Meet Mia Bailey, our newest intern!

Meet Mia Bailey, our newest intern!

Since Scotts Valley High School closed on March 16th, teachers and students have begun Distance Learning, an online school schedule designed to keep curriculum moving. As COVID-19 continues to spread, worry, confusion, and staying inside make focusing on school work more difficult.

Emily Allen, 14, a freshman at SVHS, takes the state-wide shelter-in-place order seriously. “It is important to keep our senior citizens and those who are immune-compromised healthy,” she says. She explains that due to her heart condition and asthma, her family does not know how the virus could affect her. As a freshman, the cancellation of SAT tests and college visits have not affected her. “I’ve barely begun thinking about college”, she says, adding, “I do empathize with the seniors who are not getting the senior experience they hoped for.” Indeed, some California schools have cancelled proms and schools across the nation have cancelled graduation ceremonies. Despite this, Allen believes “closing the schools was definitely the right thing to do and on a local level, I think the situation is being handled well.” Nationally, she says that more tests are imperative for the situation to improve. While freshmen have not been as concerned with college or graduation as upperclassmen, all SVHS students have had online classwork. Allen prefers learning in person, explaining that at home, “the line between rest time and working is blurred,” despite the school’s attempt to create a more rigid schedule for online class periods.

Sophomore Jenison Brown, 16, also believes local responses to the virus have been efficient. “People seem to be taking it seriously”, he says. “The only reason I’ve left [home] is to hike.” As local gyms have closed, many residents are walking, jogging, and hiking around local parks and neighborhoods to stay fit. He adds that people traveling during this time because they think it is a vacation are foolish. “We are in a global pandemic with no vaccine for the disease. It’s not a time to go hang out with people and party,” he continues. “We’re trying to flatten the bell curve,” he says, referring to attempts to reduce the rate of infection, graphed as a bell curve. Brown too has been participating in his classes’ online assignments and homework. “I prefer online schooling even though I miss seeing friends,” he admits. As a sophomore, the cancellation of college related events has not affected him much, though he says he feels bad for juniors and seniors who are more affected. 

Grace Chicoine, 17, says that as a junior, coronavirus has not affected her college opportunities as much as her classmates. She plans to attend Cabrillo Community College after graduation, but had wanted to take the SAT too. Chicoine says she “actually really enjoyed the online learning. I just woke up and did my work and by 12:30 I was done.” The SVHS schedule requires students to be online and working every weekday from 9:00am to 12:30pm, and each class lasts half an hour. Even though online school has been enjoyable for Chicoine, the school’s extracurriculars have also been cancelled. “Normally I'd be at the school almost every day practicing for the drama production of the Newsies,” she says, referring to the high school’s upcoming spring musical. “ We can’t have real rehearsals which is slowing us down and setting us back. We’ve spent so much time [on it]”, she says, adding that she just began being involved with theater and that she is not getting the full experience she hoped for. She believes everyone, not just students, must do their part to reduce the rate of coronavirus infection. “I went into the post office and the workers were wearing full on gear, with gloves and masks; it’s like a different planet,” she marvels.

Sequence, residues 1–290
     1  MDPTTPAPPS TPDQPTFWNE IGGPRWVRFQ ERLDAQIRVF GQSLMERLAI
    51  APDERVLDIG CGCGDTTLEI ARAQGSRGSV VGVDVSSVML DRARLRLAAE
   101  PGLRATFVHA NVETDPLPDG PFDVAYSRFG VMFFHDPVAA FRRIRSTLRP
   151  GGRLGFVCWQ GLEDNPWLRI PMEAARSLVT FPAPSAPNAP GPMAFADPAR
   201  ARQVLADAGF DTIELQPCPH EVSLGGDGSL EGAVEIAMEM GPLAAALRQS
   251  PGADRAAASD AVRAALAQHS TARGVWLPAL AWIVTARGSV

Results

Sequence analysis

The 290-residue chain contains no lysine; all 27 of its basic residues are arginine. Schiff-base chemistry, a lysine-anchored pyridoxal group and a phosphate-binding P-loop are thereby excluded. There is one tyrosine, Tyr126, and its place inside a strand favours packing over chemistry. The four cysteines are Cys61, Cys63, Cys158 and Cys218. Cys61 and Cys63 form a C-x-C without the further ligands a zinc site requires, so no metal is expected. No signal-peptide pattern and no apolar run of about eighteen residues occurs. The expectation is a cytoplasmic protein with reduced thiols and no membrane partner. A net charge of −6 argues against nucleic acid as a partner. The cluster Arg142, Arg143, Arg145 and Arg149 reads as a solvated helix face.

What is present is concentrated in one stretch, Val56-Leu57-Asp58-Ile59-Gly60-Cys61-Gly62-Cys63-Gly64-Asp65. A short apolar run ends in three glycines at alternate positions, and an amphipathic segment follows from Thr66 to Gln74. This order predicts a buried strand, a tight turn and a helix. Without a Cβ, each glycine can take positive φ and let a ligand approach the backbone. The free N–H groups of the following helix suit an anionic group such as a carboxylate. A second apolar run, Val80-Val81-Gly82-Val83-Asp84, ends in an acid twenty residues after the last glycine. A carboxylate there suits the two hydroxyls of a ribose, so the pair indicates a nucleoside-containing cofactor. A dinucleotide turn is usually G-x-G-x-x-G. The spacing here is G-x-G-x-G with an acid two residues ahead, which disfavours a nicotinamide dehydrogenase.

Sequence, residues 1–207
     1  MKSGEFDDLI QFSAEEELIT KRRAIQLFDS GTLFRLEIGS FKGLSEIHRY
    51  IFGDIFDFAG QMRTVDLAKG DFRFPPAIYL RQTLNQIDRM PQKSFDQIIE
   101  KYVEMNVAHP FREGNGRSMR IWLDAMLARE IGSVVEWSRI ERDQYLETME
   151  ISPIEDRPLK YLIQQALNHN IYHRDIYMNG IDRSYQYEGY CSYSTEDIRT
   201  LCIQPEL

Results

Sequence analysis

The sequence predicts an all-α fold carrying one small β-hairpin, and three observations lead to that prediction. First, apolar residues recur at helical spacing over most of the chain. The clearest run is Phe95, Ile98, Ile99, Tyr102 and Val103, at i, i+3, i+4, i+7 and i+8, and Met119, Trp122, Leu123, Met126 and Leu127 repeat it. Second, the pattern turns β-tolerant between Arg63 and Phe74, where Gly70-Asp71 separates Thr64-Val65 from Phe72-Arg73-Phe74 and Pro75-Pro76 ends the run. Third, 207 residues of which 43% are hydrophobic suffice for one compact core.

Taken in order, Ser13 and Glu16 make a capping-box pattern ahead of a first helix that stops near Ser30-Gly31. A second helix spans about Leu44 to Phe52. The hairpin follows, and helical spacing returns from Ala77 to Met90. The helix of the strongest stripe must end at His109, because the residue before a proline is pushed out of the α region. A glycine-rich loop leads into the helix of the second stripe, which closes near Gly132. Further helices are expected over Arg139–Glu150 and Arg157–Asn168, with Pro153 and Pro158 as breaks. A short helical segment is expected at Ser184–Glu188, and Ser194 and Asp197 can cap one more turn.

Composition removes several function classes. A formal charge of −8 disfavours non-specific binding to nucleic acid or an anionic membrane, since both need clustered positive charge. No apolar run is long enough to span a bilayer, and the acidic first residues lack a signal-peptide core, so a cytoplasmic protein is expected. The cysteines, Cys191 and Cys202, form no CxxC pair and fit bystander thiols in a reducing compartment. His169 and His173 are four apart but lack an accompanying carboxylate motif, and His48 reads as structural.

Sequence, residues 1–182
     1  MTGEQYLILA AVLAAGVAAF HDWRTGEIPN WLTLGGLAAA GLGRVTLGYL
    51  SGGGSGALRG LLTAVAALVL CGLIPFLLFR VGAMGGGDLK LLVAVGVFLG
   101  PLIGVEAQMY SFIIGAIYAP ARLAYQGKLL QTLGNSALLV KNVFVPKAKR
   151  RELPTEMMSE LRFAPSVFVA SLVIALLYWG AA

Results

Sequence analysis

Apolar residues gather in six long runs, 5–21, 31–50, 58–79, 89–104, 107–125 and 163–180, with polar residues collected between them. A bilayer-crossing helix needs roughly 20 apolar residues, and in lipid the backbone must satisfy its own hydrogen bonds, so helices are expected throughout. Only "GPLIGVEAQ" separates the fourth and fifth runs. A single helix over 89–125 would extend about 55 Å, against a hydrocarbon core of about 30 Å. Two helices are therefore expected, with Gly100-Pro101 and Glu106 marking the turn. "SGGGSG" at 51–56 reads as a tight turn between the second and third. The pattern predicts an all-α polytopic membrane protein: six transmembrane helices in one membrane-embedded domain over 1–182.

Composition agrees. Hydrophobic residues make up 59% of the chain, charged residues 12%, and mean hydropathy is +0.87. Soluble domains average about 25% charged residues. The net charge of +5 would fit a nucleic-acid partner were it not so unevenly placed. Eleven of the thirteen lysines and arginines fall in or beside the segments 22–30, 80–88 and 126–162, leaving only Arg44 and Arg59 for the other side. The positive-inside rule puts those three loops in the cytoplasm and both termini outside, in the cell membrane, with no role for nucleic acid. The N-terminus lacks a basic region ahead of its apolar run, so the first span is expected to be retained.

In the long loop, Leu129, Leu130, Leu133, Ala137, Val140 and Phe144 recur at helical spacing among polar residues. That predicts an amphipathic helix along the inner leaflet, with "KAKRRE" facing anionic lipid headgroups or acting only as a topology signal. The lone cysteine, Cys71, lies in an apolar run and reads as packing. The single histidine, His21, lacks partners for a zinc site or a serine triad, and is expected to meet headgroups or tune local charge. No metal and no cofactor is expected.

A senior at SVHS, Genevieve Bellavance, 17, has been more directly impacted by the results of COVID-19. As a senior, she says “I’ve received acceptances from schools, but I feel like I can’t consider them because I’m unable to see them in person.” She explains that seeing colleges in person is important in her decision, and the widespread cancellation of college visits has limited her to only two she feels comfortable with. At high school, Bellavance enjoys the flexibility of Distance Learning. “I can also sleep in more, as online classes start an hour after school would typically start for me,” she says. To resume in-person school, she says our national response is delayed compared to other countries. “Now, we’re trying our best to play catch-up and flatten the curve,” she says, adding that while she appreciates the local measures, they will only work if citizens take it seriously. Bellavance adds, “I hope people remember not to blame Chinese Americans for the coronavirus, and to refrain from calling it the Chinese virus as President Trump does. This perpetuates racism against Asians and has been used as justification for harassment against Asian Americans.” She recently made a post on Instagram containing a picture of her and her friend, both of whom are Chinese. The post received a rude comment by another person who implied that they had coronavirus because of their ethnicity.

Mia Bailey is a junior at Scotts Valley High School and plans to pursue journalism in college.

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